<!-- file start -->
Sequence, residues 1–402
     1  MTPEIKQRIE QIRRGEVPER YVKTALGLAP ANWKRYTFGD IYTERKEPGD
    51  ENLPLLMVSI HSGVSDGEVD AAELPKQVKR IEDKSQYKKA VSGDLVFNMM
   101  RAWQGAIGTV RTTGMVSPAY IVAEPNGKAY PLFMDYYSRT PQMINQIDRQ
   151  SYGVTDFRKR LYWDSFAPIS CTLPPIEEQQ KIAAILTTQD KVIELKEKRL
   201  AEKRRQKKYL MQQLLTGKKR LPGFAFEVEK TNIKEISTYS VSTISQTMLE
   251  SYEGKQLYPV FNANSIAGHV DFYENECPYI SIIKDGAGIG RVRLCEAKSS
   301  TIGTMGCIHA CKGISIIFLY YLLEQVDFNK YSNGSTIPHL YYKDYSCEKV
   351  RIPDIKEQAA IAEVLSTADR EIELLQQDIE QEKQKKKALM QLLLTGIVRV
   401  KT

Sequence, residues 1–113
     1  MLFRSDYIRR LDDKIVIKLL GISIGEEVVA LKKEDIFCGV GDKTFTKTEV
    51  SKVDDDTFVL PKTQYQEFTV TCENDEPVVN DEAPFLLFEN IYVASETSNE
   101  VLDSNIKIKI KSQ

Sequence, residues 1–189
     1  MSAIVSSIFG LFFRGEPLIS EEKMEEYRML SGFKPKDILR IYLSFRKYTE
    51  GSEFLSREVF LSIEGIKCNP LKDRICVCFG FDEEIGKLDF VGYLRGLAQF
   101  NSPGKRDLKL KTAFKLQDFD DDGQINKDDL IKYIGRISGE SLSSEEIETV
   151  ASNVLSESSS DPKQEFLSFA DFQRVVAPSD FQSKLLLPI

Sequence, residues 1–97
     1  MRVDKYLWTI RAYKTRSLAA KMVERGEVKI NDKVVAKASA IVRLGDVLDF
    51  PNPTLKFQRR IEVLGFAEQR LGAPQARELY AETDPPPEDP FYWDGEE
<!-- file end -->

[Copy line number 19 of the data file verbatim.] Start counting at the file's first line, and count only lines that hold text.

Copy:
   151  ASNVLSESSS DPKQEFLSFA DFQRVVAPSD FQSKLLLPI